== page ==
Data type conversion

LotusScript® implicitly converts data from one type to another in the following situations.

Numeric operations

When numeric values with different data types are used in a numeric operation, LotusScript® converts the values to the same data type for evaluation.

In general, LotusScript® converts to the higher data type, based on this list (lowest to highest): Byte, Integer, Long, Single, Double, Currency. For example, in an operation with one Integer operand and one Double operand, LotusScript® converts the Integer value to a Double before evaluating the expression.

Specific rules for conversion in operations are detailed in the documentation of the individual operators.

Argument passing

When a numeric argument is passed by value to a procedure, LotusScript® tries to convert the value if it is not the expected data type. If the value is too large, the operation generates an error.

When a numeric argument is passed by reference to a procedure, the data type of the reference must match that of the declared argument, unless the declared argument is Variant.

Variant variables

When a value is contained in a Variant variable, LotusScript® tries to convert the value to a number or a string, depending on the context.

Data type conversion treats a value of one data type as though it were a value of a different data type or performs an operation on a value of one data type to produce a value of another data type. Some form of data type conversion is involved when you add two numbers of different data types together, print the hexadecimal representation of a decimal number as a string, or calculate a date/time value (by treating that value as though it were a number).You can perform a data type conversion explicitly with the functions that LotusScript® provides, you can choose between the two methods of conversion, or LotusScript® can perform the conversion automatically. For example:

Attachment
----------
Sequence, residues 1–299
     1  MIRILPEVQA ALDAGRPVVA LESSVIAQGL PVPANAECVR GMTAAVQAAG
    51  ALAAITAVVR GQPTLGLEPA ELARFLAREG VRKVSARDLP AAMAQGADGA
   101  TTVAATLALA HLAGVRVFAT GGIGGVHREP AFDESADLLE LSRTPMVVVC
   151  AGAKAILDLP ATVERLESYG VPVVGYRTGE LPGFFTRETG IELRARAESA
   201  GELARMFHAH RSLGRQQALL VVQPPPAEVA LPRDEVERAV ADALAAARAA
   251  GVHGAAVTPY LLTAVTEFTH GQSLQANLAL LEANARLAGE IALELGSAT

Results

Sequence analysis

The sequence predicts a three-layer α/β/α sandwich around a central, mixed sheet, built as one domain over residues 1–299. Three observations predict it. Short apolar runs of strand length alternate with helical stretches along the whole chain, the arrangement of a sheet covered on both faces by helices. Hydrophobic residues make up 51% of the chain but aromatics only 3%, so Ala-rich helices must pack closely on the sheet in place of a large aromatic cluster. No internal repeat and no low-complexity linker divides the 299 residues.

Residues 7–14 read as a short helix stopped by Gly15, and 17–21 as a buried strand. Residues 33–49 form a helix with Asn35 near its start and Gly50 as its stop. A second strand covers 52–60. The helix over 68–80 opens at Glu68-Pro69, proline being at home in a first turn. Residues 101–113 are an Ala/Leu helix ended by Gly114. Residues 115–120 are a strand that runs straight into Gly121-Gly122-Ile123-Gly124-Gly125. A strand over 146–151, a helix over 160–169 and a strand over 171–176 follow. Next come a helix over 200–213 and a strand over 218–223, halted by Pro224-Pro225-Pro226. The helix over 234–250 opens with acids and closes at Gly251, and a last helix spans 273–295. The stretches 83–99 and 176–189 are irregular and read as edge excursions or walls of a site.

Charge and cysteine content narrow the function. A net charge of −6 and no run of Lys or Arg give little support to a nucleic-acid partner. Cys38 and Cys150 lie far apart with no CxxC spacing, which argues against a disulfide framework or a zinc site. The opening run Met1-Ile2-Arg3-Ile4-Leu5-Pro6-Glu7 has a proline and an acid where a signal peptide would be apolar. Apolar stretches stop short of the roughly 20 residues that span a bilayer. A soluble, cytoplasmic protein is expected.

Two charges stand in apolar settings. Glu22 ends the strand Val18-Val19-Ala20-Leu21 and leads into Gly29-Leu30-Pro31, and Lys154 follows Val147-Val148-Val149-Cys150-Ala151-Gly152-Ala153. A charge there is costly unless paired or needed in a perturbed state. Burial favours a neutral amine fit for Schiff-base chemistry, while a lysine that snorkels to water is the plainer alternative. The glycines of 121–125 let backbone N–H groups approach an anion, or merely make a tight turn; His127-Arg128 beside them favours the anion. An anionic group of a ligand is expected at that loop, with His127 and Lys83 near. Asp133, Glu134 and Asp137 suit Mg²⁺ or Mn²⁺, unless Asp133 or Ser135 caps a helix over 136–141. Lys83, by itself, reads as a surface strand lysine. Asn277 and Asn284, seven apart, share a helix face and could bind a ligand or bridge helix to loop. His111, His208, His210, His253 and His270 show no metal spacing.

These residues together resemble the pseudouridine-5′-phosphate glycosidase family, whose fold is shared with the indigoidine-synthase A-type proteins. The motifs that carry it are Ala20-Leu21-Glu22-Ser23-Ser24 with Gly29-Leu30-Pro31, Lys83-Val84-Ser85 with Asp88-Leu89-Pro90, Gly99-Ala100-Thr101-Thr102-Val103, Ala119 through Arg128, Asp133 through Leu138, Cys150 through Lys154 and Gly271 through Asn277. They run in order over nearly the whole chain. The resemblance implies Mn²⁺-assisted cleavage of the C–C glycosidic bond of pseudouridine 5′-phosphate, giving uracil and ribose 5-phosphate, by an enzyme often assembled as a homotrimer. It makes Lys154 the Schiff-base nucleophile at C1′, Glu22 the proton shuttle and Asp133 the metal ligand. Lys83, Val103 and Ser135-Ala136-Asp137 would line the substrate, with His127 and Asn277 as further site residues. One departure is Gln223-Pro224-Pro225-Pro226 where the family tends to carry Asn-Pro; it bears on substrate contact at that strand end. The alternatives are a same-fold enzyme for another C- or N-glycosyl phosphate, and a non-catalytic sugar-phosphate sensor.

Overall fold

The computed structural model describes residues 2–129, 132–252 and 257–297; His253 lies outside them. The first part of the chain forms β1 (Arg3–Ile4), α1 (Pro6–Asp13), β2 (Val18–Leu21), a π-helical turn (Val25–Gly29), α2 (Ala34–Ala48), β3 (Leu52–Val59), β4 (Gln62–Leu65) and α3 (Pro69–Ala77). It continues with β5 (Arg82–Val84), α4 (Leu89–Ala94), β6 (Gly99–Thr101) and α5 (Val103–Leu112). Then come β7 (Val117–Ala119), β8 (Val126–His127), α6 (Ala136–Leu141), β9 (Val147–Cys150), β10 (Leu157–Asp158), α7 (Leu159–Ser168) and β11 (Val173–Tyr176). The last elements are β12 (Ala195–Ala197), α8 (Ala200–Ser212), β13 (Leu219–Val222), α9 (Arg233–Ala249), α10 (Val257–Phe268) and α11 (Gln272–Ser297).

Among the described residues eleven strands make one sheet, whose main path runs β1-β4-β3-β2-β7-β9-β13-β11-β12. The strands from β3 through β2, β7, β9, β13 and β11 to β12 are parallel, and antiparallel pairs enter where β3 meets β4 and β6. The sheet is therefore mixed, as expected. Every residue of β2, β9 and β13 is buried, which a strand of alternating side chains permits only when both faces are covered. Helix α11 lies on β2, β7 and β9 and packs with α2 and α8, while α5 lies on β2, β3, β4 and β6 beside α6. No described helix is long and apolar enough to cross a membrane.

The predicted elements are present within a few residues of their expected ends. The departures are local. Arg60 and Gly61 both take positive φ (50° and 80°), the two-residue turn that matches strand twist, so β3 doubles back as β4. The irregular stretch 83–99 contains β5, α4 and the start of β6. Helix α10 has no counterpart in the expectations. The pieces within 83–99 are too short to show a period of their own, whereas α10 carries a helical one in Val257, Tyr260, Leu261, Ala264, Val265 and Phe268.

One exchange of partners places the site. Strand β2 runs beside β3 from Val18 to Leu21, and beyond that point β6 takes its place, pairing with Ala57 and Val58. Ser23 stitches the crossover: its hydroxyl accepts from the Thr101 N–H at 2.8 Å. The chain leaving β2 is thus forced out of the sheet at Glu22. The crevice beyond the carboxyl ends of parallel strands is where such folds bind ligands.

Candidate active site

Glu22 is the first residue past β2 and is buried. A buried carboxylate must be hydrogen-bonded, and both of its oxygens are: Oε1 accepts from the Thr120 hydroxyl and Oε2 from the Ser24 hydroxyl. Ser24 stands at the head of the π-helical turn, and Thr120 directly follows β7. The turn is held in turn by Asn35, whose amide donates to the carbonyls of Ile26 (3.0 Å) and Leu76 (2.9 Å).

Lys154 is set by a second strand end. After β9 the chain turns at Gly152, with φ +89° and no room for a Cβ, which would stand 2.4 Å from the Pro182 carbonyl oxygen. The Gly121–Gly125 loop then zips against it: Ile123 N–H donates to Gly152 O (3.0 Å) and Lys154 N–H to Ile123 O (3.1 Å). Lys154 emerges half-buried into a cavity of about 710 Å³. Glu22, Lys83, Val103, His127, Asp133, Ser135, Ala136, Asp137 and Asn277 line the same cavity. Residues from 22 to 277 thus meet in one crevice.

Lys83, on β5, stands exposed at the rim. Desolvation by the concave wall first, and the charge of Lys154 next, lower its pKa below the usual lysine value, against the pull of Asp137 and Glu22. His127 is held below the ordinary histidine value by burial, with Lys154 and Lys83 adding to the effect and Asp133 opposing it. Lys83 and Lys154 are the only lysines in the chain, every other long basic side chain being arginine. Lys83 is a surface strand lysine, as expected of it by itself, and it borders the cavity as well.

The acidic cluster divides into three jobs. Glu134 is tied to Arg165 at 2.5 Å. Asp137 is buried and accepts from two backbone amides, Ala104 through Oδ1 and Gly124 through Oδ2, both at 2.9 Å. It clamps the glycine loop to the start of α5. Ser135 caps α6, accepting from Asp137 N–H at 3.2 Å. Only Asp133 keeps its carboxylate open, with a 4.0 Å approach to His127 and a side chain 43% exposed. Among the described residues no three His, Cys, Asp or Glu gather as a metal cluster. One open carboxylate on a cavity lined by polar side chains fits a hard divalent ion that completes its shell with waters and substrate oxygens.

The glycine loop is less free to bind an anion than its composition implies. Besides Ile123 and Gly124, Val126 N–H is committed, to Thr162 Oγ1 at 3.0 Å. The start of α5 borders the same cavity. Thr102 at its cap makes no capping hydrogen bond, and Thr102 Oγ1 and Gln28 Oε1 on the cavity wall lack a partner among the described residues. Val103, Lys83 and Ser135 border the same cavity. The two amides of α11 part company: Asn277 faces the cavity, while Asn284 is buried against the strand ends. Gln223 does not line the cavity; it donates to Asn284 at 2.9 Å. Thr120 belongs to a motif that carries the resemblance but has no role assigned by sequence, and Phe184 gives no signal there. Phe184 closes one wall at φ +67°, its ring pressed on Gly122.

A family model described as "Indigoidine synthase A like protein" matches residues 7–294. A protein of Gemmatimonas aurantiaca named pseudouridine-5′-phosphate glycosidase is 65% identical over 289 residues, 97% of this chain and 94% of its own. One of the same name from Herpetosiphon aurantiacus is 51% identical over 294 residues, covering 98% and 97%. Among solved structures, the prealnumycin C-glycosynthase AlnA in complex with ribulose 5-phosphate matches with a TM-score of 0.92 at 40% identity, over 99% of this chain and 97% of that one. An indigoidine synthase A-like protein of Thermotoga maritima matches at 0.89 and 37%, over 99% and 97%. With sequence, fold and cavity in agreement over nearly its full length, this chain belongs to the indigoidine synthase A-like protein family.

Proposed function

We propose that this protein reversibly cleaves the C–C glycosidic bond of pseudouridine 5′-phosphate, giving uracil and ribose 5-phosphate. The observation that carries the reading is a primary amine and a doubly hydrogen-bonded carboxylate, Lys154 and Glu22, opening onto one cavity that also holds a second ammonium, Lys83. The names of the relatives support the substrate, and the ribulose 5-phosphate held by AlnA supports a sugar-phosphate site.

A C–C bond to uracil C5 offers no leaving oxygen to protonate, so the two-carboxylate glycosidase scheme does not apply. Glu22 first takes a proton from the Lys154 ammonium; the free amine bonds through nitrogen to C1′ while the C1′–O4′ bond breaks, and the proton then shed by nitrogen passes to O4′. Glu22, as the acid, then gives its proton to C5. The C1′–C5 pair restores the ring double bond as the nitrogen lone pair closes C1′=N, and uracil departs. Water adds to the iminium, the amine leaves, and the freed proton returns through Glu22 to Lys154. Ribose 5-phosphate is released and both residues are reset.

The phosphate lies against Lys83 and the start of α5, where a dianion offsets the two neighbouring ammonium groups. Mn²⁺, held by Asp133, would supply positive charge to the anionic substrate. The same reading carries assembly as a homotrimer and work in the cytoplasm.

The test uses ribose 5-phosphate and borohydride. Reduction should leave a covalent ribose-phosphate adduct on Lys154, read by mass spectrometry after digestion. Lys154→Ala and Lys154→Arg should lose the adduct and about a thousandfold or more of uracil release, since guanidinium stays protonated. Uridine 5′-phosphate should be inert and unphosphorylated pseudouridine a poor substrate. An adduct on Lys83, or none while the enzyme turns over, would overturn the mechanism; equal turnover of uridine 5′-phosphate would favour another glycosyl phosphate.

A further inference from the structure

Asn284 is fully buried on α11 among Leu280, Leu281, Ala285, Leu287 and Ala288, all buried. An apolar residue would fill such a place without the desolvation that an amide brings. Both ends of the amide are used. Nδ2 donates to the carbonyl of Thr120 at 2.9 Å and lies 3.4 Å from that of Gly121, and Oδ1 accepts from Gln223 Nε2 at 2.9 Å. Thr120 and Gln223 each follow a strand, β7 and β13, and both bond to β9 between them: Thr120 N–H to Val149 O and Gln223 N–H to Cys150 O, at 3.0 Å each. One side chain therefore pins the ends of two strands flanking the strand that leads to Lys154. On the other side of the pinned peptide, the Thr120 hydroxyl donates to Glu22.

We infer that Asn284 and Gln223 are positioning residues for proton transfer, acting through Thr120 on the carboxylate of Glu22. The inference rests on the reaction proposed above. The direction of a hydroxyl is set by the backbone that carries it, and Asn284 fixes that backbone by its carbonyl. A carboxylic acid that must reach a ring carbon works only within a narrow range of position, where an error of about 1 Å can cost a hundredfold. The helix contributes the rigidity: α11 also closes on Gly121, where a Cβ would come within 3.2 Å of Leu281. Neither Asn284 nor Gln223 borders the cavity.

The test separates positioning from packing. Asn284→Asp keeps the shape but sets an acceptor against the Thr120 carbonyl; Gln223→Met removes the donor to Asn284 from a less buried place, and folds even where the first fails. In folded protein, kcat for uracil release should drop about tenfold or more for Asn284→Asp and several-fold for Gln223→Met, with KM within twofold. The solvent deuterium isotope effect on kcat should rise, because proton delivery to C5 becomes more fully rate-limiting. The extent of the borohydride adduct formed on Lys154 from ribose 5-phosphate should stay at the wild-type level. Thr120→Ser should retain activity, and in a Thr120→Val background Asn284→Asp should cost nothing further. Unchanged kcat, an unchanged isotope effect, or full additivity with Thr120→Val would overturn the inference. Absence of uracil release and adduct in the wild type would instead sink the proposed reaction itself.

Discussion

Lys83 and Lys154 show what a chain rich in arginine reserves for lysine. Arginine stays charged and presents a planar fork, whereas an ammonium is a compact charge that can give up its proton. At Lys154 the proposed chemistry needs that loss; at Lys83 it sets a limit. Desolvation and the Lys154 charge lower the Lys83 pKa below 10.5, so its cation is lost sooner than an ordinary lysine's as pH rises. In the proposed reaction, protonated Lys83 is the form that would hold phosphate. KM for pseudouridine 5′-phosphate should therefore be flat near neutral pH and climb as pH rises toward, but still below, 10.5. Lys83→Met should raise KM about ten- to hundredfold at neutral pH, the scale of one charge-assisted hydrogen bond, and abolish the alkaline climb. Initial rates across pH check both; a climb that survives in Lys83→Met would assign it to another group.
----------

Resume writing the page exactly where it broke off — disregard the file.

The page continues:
Dim aString As String
Dim aDouble As Double
Dim aFloat As Currency
Dim aVariantV As Variant

aString$ = "123.45"
aDouble# = 678.90

' Explicitly convert a string to a Currency value. 
' That is, assign the return value of the conversion
' function CCur, which takes a String argument, to a variable
' of type Currency. 
aFloat@ = CCur(aString$)
Print aFloat@
' Output: 123.45
' Automatically convert a Double value
' to a Currency value by assignment. You
' could explicitly convert the value of
' aDouble# to a Currency value before
' assigning it to aFloat@. You might do
' this for the purposes of documentation.
aFloat@ = aDouble#
Print aFloat@

' Output: 678.9 ' Automatically convert a Variant value ' of type String to a Currency value by ' addition, and then convert the ' resulting Currency value to a value ' of type Double by assignment. You can make ' both of these conversions explicit if you want. aVariantV = aString$ aDouble# = aVariantV + aFloat@ Print aDouble# ' Output: 802.35